Climate Change

September 1, 2019

 

Climate change is a growing concern in our society, spurred by rising temperatures, devastating natural disasters, catastrophic predictions, and counter-productive environmental policies enacted by President Trump in recent years. Climate change deniers exist among us, including Texas Senator Ted Cruz. According to the Texas Tribune, Cruz stated in 2015 that “global warming alarmists are the equivalent of the flat-earthers.” In effect, he was comparing a phenomenon recognized by 97% of scientists with the beliefs held by a small group of conspiracists. 

 

Although a significant disparity exists in agreement between Democrats and Republicans on climate change—a divide that Texas A&M University Galveston Professor Ashley Ross says has “only grown in recent decades,” her research reveals this gap is much lower in coastal communities such as Galveston island. So what exactly is the outlook for our beloved island? Culture Clash spoke with four professors in the Department of Marine Sciences at Texas A&M University Galveston about the implications of climate change for the island. 

 

Dr. David Retchless identifies some of the immediate physical effects climate change will have on Galveston: more days of nuisance flooding (defined by NOAA as “flooding that leads to public inconveniences”), more damaging hurricanes, and, of course, hotter weather. “Many people look at how the averages will change,” he says. “[For example], the average annual temperature will be 2 degrees higher, or average sea level will be 9 inches higher. But they don’t think about the extremes — the hottest days will be hotter and there will be many more of them, and the most extreme flood events (like Harvey and Ike) will become more common.” 

 

The shrinking of beaches is another threat to island life as we know it. “Galveston island beaches are particularly vulnerable to high rates of erosion, leading to a long-term loss of beaches,” warns Dr. Meri Davlasheridze. “Some studies indicate the majority of Galveston beaches could disappear within 20 years without continuous beach nourishments. Projections along the west of the island indicate beaches could be fully lost by 2035.”

 

Planning for these changes falls upon individuals, companies, and local government. Retchless states “persons on the island need to think about climate change when making any large, long term investment.” Potential homeowners should consider future flood risks and the availability of insurance in the years and decades to come when deciding whether or not to buy. In addition, Dr. Retchless explains how Galveston’s tourism and retail sectors will have to anticipate lost revenue due to increasing occurrences of flooding. On a larger scale, local government must account for how the effects of flooding and natural disasters on individuals and businesses will, in turn, impact the city’s tax base. City officials will have to balance increased infrastructure maintenance costs with other expenses such as amenities needed to support tourist traffic and new projects designed to reduce flooding.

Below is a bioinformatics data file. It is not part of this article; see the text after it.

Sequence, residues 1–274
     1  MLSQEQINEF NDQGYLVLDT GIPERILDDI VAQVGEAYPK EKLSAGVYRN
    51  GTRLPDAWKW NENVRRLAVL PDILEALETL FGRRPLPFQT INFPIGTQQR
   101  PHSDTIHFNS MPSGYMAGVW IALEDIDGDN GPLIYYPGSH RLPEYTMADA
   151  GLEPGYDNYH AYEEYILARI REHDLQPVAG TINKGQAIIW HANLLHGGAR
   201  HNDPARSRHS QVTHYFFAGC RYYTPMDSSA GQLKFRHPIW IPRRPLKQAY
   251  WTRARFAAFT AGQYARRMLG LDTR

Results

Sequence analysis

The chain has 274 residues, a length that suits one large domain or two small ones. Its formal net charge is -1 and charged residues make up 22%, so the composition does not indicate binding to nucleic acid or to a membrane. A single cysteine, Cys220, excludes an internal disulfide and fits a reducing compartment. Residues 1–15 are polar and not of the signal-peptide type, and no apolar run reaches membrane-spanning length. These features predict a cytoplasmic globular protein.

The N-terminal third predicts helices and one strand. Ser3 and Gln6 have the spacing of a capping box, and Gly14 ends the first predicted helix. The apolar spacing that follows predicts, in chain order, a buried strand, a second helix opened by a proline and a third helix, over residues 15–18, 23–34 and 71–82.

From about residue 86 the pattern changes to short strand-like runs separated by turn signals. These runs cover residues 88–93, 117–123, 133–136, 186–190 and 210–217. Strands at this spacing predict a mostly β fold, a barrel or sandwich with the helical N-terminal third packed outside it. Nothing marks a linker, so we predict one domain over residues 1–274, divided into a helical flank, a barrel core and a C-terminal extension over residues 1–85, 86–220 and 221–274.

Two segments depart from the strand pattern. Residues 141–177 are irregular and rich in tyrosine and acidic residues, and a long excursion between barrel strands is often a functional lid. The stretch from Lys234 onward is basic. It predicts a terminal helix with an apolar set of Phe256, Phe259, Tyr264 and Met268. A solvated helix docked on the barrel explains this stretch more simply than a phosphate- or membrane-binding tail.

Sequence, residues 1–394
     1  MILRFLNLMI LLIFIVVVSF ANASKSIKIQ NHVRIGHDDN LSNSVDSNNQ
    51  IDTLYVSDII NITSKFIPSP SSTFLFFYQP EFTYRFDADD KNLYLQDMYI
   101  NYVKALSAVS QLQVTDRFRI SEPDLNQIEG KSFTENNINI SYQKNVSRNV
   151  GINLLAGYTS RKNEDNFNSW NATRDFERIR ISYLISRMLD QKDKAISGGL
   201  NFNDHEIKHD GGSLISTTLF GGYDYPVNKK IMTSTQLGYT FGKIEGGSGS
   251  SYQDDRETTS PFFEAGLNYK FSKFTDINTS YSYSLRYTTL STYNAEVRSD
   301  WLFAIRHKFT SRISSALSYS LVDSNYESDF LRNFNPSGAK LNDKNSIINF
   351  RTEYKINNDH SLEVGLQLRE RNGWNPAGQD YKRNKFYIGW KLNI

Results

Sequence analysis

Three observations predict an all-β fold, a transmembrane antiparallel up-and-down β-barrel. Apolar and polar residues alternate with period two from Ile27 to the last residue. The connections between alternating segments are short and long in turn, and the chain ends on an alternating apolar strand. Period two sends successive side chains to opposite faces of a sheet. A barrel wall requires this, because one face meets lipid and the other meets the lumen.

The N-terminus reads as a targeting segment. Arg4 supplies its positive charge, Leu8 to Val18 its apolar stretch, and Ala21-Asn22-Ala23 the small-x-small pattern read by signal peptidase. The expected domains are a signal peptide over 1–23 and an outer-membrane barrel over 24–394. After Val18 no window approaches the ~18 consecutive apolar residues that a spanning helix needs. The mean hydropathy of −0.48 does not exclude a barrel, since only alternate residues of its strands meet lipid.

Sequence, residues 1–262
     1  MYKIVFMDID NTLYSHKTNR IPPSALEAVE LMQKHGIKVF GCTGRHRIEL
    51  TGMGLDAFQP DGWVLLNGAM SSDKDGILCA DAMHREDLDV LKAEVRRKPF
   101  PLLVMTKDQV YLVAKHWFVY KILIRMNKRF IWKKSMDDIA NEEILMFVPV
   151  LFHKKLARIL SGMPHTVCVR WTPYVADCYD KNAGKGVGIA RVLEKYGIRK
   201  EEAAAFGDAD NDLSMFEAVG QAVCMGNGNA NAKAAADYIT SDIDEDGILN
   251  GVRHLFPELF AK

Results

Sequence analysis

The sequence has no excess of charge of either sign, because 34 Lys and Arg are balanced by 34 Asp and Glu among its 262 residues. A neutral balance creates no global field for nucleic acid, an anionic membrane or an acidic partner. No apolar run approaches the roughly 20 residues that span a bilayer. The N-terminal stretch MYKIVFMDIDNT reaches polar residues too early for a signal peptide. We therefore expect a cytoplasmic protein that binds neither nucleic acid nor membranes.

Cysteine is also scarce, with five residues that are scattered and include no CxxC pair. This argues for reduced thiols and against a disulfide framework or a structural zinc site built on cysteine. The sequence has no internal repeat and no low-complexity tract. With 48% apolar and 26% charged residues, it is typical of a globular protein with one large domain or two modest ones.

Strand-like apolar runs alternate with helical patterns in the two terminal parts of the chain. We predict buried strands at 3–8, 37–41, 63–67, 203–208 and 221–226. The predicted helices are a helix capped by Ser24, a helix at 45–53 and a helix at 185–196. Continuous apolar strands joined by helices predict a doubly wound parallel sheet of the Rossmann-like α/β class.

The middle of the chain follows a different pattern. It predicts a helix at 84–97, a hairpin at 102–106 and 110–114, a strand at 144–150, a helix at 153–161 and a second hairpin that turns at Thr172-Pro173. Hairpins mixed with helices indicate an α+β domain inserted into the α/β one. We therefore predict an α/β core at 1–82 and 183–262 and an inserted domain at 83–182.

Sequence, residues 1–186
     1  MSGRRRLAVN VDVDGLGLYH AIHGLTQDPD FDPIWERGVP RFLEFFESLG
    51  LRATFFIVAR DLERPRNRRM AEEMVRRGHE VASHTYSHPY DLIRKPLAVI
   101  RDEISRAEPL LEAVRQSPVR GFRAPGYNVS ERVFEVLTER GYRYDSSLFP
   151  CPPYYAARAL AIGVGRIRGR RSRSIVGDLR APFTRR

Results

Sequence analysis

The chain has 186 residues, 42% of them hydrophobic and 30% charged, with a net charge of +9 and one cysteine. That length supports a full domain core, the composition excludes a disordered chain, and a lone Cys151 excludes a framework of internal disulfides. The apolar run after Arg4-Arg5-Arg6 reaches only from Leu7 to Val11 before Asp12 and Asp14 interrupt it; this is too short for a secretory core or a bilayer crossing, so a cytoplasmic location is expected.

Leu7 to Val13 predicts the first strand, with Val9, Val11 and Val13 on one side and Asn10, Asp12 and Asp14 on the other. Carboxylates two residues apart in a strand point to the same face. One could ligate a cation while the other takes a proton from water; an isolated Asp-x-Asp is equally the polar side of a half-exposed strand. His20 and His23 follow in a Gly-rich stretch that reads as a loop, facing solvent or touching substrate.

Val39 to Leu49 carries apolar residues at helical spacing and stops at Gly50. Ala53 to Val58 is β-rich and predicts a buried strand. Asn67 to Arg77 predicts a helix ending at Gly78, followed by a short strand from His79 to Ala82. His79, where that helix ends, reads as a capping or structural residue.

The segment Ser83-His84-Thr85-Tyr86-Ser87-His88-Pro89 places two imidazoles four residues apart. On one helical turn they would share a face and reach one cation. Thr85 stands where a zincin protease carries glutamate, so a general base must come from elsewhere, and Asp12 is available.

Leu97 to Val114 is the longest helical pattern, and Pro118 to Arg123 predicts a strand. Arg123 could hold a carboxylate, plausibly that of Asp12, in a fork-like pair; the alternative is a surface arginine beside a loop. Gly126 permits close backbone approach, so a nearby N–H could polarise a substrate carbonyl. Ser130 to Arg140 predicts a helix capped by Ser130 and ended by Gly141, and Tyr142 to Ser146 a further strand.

Amidst these ever-expanding issues and risk factors—which only begin to scratch the surface of what awaits us locally and globally if climate change is not swiftly and dramatically checked—it becomes clear that simply mitigating the effects of climate change is comparable to patching holes in a sinking ship. Slowing the progression of climate change will only result from changed behavior on the part of individuals, as well as policy changes on the national and international levels. 

 

What can everyday people do to help slow climate change? It is easy to overlook the power we hold as individuals, consumers, and citizens, but the impact we can make is our greatest hope for saving the planet. For starters, voting for representatives who support environmentally friendly policies can help to reduce pollution on a larger scale. There are also everyday changes people can incorporate to dramatically reduce their emissions. An article published by the Guardian in 2018 reported “avoiding meat and dairy products is the single biggest way to reduce your environmental impact on the planet, according to the scientists behind the most comprehensive analysis to date of the damage farming does to the planet.” In addition to going vegetarian, vegan, or simply cutting down your consumption of meat and dairy, you can reduce your carbon footprint by choosing to buy clothes from sustainable fashion brands or secondhand from up-and-coming companies like ThredUp.com and Rent the Runway. A recent CBS article stated that “Total greenhouse gas emissions related to textiles production are equal to 1.2 billion tons annually -- more than those of all international flights and maritime shipping trips combined.” The fashion industry is amongst the most damaging to the environment, and changing our shopping habits is one of the most simple and affordable things we can do for the planet. 

 

Fossil fuels are a more notorious culprit of pollution, making up approximately three-quarters of the United States’ carbon emissions, according to the Natural Resources Defense Council. We can cut down on our use of these pollutants by carpooling, planning out errands in order to drive less, choosing to buy fuel-efficient cars, or using other modes of transportation like walking or biking.

 

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